I’m a LEAN practitioner and have, for years now, been totally excited when watching teams innovate and improve their work flows, processes and systems. What I have always loved about LEAN is that it requires the people who do the work be asked or participate in the improvement of the work. Novel concept, eh? Being an ornery consultant, I take this one step further and rarely let supervisors or managers “in the room” when brainstorming or ideation is occurring as they are the ultimate killjoys.
Jason Lauritsen and Joe Gersdandt presented and facilitated the “hacklab” session yesterday at HR Tech. They offered a couple of things that resonated with me as similar to LEAN so I thought I’d share them with you now.
First, if it’s already awesome, leave it alone!
For years, I’ve pushed back on clients who want to tackle, and retackle a process that they (leadership) believes is broken but in reality, the teams that perform the work believe the process is working well. The disconnect always surprises the leaders and, unfortunately, they often want to move forward and invest in change for the sake of change.
Don’t get me wrong – I believe there is ALWAYS room for improvement on just about everything but here’s the deal: if the employees performing the work are doing the work well, if the goals and quality objectives are being met, if the process is efficient, etc., please know this isn’t the system that should consume a company’s resources. Trust me when I say there is probably something else that needs attention.
Second, don’t attempt to change those things that are outside of your control.
Jason and Joe suggested that we, when we are striving to improve something, need to make sure the resources, ability, permission, and authority and such lie with us! What they mean by this is that if we don’t have permission to improve or change something, if we don’t have access to the necessary resources, if we don’t have the knowledge, skills, abilities or otherwise to affect or make change, then we should not attempt to do so.
Why? The obvious reason is that we will frustrate the hell out of ourselves if we try to improve something outside of our control. The second reason is that attempting something outside of our control will, more often than not, be met with much resistance from other “owners” of the system or process. And third, it is likely that any attempt we make at change “outside of our box” will be difficult to sustain and/or easily overturned.
My opinion here isn’t offered to discourage you but rather, to empower you! I akin it to the story of the little boy who stumbled across thousands of starfish stranded after the tide washed out. That little boy couldn’t change the world but damnit, he could positively affect the situation within his control. I utilize this concept in LEAN events too – I usually invest quite a bit of time with the team from the get-go and let them know they have been empowered accordingly and that, for this particular process, we are increasing the size of their box.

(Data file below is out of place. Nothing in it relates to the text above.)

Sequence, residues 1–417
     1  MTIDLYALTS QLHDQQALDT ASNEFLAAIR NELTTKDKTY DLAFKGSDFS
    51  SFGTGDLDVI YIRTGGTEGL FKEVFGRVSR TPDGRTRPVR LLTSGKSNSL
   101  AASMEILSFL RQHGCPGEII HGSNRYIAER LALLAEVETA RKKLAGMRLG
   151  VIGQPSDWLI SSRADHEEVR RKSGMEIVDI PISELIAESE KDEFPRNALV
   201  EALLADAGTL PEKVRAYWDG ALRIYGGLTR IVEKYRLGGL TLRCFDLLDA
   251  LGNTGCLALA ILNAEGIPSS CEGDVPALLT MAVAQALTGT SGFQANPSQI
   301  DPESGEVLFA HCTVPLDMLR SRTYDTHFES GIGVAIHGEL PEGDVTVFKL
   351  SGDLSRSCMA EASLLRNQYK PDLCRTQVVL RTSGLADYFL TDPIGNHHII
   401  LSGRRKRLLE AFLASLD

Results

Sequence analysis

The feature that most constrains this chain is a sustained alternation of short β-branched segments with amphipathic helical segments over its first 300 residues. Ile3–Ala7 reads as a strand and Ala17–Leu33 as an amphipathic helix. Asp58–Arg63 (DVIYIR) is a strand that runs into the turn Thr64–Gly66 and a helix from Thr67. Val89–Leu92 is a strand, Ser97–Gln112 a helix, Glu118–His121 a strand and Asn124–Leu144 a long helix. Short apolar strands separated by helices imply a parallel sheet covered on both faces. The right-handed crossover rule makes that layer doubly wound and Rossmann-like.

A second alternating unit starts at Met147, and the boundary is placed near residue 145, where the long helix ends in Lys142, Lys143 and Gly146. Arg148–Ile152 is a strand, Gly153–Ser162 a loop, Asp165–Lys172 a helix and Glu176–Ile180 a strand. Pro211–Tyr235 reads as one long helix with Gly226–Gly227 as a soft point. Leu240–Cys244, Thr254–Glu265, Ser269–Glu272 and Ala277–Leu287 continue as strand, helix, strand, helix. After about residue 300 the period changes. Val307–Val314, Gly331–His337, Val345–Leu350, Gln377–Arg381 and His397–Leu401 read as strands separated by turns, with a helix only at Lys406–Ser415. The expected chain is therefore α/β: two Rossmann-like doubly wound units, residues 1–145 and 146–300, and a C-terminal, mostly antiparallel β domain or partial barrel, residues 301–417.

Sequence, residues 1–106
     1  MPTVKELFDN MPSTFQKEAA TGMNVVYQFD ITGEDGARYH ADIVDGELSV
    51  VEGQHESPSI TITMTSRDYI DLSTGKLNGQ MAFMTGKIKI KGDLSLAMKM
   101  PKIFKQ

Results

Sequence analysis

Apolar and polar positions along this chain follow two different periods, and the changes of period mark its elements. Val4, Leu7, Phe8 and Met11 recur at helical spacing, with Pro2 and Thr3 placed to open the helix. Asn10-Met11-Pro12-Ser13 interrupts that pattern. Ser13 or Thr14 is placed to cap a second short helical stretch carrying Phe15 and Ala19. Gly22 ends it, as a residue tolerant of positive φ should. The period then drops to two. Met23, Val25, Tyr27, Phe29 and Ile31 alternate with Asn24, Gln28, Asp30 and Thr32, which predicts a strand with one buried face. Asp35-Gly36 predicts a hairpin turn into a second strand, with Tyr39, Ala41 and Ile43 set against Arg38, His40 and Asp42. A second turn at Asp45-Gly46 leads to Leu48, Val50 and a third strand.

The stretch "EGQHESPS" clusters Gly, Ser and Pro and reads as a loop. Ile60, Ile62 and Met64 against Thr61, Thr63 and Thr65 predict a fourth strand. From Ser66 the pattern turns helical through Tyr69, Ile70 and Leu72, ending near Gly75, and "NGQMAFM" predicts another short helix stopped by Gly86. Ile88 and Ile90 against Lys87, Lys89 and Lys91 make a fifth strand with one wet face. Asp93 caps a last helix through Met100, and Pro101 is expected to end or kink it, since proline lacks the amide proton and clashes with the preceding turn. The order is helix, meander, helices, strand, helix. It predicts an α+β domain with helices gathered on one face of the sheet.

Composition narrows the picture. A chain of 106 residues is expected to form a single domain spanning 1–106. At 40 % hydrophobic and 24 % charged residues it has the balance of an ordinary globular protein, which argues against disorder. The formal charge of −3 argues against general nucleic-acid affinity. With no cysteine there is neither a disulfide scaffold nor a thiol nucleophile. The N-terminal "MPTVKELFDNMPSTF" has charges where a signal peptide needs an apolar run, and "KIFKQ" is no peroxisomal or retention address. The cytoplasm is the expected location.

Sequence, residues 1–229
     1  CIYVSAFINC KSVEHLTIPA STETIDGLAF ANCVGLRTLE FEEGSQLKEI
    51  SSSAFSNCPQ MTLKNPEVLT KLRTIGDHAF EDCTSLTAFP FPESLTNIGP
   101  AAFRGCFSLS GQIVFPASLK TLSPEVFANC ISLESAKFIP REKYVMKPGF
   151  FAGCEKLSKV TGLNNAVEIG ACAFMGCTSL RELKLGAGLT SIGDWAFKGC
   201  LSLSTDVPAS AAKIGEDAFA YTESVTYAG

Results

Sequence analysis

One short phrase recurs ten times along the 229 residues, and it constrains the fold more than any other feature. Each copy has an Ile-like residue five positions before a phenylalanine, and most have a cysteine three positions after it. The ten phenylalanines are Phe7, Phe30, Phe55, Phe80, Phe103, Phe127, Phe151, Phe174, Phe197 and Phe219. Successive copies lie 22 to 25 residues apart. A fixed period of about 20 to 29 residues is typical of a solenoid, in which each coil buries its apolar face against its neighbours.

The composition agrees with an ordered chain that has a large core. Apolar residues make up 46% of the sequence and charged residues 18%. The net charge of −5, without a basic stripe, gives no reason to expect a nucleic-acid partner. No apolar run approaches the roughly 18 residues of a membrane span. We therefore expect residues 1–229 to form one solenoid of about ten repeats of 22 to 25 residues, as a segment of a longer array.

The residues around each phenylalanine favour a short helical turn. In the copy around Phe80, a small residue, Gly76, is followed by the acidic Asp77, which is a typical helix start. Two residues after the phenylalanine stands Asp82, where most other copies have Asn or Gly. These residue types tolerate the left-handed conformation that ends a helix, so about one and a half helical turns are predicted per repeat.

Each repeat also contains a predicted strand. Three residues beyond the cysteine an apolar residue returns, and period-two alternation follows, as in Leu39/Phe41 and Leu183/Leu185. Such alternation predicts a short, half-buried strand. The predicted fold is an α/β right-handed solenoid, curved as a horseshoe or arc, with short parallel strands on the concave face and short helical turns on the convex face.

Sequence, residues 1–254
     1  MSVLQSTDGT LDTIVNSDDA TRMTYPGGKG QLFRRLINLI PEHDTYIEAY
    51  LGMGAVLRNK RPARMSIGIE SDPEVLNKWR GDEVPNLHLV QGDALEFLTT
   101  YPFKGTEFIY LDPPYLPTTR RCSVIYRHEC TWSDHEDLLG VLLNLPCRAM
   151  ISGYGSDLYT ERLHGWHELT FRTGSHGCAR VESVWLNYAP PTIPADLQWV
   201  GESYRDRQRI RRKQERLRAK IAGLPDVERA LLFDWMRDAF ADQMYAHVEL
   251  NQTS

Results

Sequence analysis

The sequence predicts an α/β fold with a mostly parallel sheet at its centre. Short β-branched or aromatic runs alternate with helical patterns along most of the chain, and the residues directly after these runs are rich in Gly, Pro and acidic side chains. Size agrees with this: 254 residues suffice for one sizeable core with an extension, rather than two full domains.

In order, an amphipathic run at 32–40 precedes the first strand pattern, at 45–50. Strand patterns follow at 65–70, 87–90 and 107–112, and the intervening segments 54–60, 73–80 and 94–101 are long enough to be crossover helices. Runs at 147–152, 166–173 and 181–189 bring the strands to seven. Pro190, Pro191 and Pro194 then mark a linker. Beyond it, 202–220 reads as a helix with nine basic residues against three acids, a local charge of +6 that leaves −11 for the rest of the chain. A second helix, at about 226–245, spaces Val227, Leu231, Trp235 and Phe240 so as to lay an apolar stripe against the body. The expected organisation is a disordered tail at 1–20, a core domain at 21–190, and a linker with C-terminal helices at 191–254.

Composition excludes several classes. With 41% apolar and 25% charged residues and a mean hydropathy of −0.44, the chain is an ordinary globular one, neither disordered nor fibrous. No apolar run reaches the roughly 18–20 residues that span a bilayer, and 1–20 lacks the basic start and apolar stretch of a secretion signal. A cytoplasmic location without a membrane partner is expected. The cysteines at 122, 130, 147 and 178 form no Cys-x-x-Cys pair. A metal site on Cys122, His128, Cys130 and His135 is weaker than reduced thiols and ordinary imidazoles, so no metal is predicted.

Finally, once we have identified what needs to be improved and what components of such we have control over to change, we should prioritize and hack!
This is, quite possibly, the hardest part. Brainstorming is easy – so many fantastic ideas come from engaged workers who want to work smarter, increase their quality and efficiency, etc. but the reality is, there is only so much time in any given day. Prioritizing the change becomes an obstacle to overcome. Then, even when we can prioritize the change, stepping into the unknown is hard. What I like about Jason and Joe‘s approach is that the change that comes from their “hacking process” is little…just little bites. Perhaps this makes the change less scary, perhaps it decreases the risk, etc.
I see this in LEAN events too – we discuss the probability of executing the change and the reasons why it’s high or low – and we don’t try to attempt something that has an extremely low chance of succeeding…YET! My reasoning is that if the team can wade into improvement and get a few successes behind their belt, their confidence builds (their own as well as the confidence others have in them) and their credibility increases. Regardless, the teams I work with know there is one requirement and that is to ACT. We cannot improve anything if we fear moving forward, and even incremental change and improvement is better than none at all.
In summary, full blown LEAN events and the hacking process presented by Jason and Joe have a heckuva lot in common. I would hope all HR professionals who participated in yesterday’s session see how their own commitment to hacking can lead to larger organizational improvement efforts, which ultimately adds to their value at work!
On a side note, thank you, Jason and Joe, for the fun session – I look forward to seeing what the “hackers” present later on this week! And thanks to Steve Levy for the clever title of this post! 🙂